E-commerce has become a driving focus for social media platforms as social shopping has proven to be a powerful tool for brand building and engaging customers on a larger scale. It is becoming increasingly self-evident that leading social media platforms like Instagram, Facebook, and Tik Tok are trying to establish themselves as new-age channels of e-commerce. Each platform has recently introduced new shopping features and functionalities that make the purchase of products quick and easy, while at the same time creating enhanced social and shopping experiences.
For example, Instagram’s IGTV video content allows users to directly purchase products on the platform rather than sending them to external merchant sites. The platform has also recently undergone a redesign which speaks to the company’s clear shift in focus to the e-tail experience. Snapchat is leveraging AR to promote its social shopping features, and Tik Tok’s in-app “buy now” button is becoming a game-changer. This focus shift on the part of the big social media companies to provide increased e-commerce functionality on their platforms shows that creating social shopping experiences is the future of e-tail.
Why this is happening
The reason why we are seeing a significant drive for social shopping experiences from social media platforms in recent months is due to the alignment of two phenomena: the pandemic, and the rise of global smart mobile device usage.
The COVID-19 pandemic has pushed the e-commerce industry rapidly into overdrive as the market experienced a relatively overnight groundswell of adoption. The prohibitive restrictions of the pandemic have forced consumers to turn to the online space to carry out their shopping experiences. Indeed, the future of retail is e-commerce, but the pandemic pushed its global adoption at a far rapid rate than what was previously projected.
In addition to this, the rise of social shopping is intrinsically linked to the continuous growth of worldwide mobile device usage. In fact, the number of global smartphone users is forecasted to reach nearly 4 billion in 2021, with China, India, and the United States contributing significantly to this number. Today’s consumers, particularly younger generations, connect to products, people, and information via mobile apps rather than through traditional channels, by the desire for speed and simplicity.
What this means for e-tailers
With social shopping, online retailers now have an additional channel to reach their audience and sell products. This goes both ways, as consumers also are able to easily reach access to multiple new brands and products on their social media feed. Social shopping successfully blends the social experience with the retail experience, making for a more engaged and meaningful consumer – which brands can leverage.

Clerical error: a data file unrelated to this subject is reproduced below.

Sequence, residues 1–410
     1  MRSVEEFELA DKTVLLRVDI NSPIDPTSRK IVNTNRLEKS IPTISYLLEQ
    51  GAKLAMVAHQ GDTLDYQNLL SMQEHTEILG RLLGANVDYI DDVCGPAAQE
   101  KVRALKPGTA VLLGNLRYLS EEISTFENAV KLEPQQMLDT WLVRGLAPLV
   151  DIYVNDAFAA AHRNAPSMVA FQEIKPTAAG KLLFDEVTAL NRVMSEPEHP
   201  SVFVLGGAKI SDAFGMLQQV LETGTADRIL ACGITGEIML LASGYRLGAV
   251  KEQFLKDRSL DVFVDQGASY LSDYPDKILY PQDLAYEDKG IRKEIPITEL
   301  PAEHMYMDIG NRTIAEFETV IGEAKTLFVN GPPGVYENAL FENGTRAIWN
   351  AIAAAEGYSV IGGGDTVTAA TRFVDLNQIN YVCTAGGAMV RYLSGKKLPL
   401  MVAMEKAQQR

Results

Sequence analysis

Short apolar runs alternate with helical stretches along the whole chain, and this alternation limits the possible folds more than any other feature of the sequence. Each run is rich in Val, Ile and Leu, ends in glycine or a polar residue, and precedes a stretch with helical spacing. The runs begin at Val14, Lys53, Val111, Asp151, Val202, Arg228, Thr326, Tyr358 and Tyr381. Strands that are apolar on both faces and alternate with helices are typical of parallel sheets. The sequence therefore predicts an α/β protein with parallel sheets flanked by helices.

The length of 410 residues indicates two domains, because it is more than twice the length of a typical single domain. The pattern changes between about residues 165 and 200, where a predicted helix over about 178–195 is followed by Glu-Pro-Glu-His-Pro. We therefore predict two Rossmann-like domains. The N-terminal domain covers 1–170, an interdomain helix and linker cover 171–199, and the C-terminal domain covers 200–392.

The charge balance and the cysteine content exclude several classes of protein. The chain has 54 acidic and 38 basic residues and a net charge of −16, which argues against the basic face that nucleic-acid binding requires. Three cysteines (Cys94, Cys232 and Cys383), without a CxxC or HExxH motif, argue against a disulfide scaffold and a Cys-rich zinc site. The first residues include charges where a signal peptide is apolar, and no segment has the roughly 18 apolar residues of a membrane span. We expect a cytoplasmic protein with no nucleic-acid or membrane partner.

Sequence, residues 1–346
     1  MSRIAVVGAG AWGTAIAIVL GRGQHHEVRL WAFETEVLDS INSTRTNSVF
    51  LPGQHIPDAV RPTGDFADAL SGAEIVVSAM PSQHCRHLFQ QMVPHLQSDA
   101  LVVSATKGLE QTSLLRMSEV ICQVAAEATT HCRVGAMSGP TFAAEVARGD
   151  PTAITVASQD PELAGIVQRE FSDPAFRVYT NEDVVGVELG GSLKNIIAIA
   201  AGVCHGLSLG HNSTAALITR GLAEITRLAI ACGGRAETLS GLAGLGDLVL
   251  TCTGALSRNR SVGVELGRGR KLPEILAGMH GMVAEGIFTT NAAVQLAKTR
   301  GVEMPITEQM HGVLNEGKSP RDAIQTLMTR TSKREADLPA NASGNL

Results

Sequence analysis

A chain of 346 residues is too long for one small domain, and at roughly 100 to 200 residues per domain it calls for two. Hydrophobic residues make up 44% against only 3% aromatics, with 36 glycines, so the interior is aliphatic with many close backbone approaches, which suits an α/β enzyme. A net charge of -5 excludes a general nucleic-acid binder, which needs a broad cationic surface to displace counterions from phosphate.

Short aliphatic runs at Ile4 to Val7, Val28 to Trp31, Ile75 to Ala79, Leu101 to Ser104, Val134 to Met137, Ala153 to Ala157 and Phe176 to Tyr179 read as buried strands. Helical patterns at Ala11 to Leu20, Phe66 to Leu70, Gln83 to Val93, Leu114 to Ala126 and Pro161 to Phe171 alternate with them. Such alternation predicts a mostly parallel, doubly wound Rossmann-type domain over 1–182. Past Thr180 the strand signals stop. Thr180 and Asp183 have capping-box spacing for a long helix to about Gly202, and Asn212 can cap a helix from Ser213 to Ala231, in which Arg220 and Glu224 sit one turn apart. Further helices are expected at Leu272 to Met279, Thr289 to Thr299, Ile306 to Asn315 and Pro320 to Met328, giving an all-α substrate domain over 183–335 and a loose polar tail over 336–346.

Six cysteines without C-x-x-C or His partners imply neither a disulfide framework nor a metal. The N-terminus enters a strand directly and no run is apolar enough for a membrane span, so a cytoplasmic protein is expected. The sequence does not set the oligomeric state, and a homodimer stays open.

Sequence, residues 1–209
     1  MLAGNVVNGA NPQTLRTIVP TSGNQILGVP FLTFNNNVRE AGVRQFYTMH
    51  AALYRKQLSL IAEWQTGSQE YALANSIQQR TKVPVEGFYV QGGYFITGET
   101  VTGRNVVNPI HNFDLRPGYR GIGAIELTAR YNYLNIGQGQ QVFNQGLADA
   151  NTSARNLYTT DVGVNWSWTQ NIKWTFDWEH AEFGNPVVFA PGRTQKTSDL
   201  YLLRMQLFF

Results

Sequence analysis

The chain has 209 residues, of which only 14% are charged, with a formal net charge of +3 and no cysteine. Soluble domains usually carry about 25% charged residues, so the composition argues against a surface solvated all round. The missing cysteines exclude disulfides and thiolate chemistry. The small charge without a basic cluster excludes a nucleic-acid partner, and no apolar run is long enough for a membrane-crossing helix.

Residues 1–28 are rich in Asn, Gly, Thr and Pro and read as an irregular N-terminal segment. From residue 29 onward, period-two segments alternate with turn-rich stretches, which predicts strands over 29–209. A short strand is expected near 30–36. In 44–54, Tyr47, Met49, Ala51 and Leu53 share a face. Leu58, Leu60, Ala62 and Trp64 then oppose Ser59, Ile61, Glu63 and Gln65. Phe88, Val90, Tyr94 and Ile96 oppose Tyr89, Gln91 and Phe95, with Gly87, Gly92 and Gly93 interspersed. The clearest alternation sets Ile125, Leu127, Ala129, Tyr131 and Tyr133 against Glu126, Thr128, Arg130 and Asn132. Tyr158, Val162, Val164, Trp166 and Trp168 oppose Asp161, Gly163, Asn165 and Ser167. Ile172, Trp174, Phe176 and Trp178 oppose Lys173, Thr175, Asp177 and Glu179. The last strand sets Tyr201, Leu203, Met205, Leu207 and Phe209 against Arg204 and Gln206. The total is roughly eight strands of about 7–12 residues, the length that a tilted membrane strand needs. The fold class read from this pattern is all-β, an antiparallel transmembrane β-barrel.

Social shopping gives brands more access to macro and micro-influencers to sell their products, effectively getting proxy marketers to promote their wares. The reach and impact social media influencers have over their audiences is a powerful tool which far outway traditional promotional endeavours.
But most importantly, the numbers speak for themselves: around 1.9 billion people purchased goods and services online last year, and the number of active social media users is projected to reach close to 4.5 billion in 2025. This is a clear indication that social media platforms and e-tailers are focusing on where the user activity is.
What users can expect
The primary aim of social shopping is to provide users with quick and easy ways to purchase products, and we will no doubt see an increased focus on making this process as streamlined as possible in the coming years. The move to improved buy-centricity will be mutually beneficial to both consumers and brands alike: people will be able to shop and purchase goods easily, and brands will be able to promote and sell their products more efficiently at a fraction of the cost.
Users can, however, expect to see a shift in content in their feeds, with increased proliferation of direct marketing and sales messaging and promotions. But users can also look forward to more personalised shopping experiences based on their preferences from data gathered from their activity, allowing them to easily find what they want. While some may see the rise of social shopping as a threat to the heart of social media by replacing commercial interests ahead of authenticity, others will see this as the logical step in the symbiosis between social and online shopping experiences.
E-commerce sites lack a significant social appeal, and likewise social media has previously not been geared toward purchasing. Now, users can enjoy a blend of social shopping experiences on one platform that speaks to their commercial and social needs: users can discover a product and proceed to checkout in a few swipes on one platform. Indeed, the future of modern e-tail is here.